The Financial Institutions Reform, Recovery, and Enforcement Act has seen a resurgence lately, as financial institutions find themselves targeted by the Department of Justice based on conduct that occurred during the recent financial crisis. Indeed, the DOJ has filed more FIRREA actions in the past few years than it did in the first 20 years of the statute’s existence.

The law was originally passed in 1989 to protect financial institutions against fraud in the context of the savings and loan crisis. Now, FIRREA is being used in ways not contemplated more than two decades ago and has become a powerful tool for the DOJ — raising troubling questions about its recent application.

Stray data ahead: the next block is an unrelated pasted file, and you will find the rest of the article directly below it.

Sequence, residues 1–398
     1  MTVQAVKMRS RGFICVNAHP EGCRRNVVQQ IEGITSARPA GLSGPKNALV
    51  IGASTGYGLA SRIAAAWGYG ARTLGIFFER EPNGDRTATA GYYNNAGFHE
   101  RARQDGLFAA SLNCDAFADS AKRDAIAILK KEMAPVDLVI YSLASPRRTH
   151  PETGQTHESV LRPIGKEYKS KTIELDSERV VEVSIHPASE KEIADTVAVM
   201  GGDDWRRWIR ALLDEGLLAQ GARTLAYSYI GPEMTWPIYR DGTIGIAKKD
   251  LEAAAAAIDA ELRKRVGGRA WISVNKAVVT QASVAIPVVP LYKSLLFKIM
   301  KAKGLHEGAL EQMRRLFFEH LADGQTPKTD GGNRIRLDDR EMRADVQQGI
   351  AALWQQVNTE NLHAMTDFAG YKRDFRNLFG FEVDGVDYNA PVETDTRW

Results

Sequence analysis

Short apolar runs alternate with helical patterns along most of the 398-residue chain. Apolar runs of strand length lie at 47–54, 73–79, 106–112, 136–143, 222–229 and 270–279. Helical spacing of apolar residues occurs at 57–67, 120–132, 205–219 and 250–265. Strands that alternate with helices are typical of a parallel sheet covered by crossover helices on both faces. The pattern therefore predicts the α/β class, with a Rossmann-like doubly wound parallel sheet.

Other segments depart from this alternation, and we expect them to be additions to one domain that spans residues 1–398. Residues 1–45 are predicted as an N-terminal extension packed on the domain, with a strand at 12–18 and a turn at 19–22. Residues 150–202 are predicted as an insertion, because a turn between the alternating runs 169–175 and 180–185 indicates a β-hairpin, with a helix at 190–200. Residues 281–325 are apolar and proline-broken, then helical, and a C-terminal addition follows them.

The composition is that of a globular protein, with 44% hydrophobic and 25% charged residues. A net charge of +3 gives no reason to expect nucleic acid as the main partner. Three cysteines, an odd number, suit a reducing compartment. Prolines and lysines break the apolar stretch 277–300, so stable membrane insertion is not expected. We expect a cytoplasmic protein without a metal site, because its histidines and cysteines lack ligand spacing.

To understand the genesis of FIRREA, one must go back to the savings and loan crisis of the 1980s. At that time, financial institutions were collapsing at a rapid rate. By the end of 1987, some 505 savings and loan institutions were reported insolvent. In response to this crisis, and its many perceived root causes, Congress enacted FIRREA in 1989 as part of a comprehensive legislative plan to reform and strengthen the banking and federal deposit insurance systems. The statute also sought to protect banks by providing enforcement authority to combat the perceived fraudulent conduct of individuals and third parties against financial institutions. Accordingly, Section 951 of the statute, codified at 12 U.S.C. 1833a, permits the U.S. attorney general to bring a civil action against anyone who violates 14 enumerated criminal statutes affecting a financial institution.